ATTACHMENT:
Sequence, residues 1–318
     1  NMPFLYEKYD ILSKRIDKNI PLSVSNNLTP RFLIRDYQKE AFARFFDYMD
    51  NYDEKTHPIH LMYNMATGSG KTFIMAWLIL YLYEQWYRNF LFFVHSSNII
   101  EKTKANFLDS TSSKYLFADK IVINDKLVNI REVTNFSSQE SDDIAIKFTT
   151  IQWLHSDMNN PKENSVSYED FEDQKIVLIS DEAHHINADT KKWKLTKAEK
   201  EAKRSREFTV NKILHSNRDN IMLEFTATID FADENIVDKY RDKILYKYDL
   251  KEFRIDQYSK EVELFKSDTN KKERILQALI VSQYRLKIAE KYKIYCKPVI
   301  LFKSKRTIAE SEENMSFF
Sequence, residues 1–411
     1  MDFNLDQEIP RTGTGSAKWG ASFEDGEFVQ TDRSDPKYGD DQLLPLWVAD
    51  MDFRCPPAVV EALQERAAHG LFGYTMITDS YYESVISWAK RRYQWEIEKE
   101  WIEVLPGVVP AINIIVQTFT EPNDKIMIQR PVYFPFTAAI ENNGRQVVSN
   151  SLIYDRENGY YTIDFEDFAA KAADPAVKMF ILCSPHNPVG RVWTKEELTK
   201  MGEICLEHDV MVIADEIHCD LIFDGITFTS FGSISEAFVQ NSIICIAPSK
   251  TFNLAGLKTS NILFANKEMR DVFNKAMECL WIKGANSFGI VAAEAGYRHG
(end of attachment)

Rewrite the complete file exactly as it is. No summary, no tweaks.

Sequence, residues 1–318
     1  NMPFLYEKYD ILSKRIDKNI PLSVSNNLTP RFLIRDYQKE AFARFFDYMD
    51  NYDEKTHPIH LMYNMATGSG KTFIMAWLIL YLYEQWYRNF LFFVHSSNII
   101  EKTKANFLDS TSSKYLFADK IVINDKLVNI REVTNFSSQE SDDIAIKFTT
   151  IQWLHSDMNN PKENSVSYED FEDQKIVLIS DEAHHINADT KKWKLTKAEK
   201  EAKRSREFTV NKILHSNRDN IMLEFTATID FADENIVDKY RDKILYKYDL
   251  KEFRIDQYSK EVELFKSDTN KKERILQALI VSQYRLKIAE KYKIYCKPVI
   301  LFKSKRTIAE SEENMSFF
Sequence, residues 1–411
     1  MDFNLDQEIP RTGTGSAKWG ASFEDGEFVQ TDRSDPKYGD DQLLPLWVAD
    51  MDFRCPPAVV EALQERAAHG LFGYTMITDS YYESVISWAK RRYQWEIEKE
   101  WIEVLPGVVP AINIIVQTFT EPNDKIMIQR PVYFPFTAAI ENNGRQVVSN
   151  SLIYDRENGY YTIDFEDFAA KAADPAVKMF ILCSPHNPVG RVWTKEELTK
   201  MGEICLEHDV MVIADEIHCD LIFDGITFTS FGSISEAFVQ NSIICIAPSK
   251  TFNLAGLKTS NILFANKEMR DVFNKAMECL WIKGANSFGI VAAEAGYRHG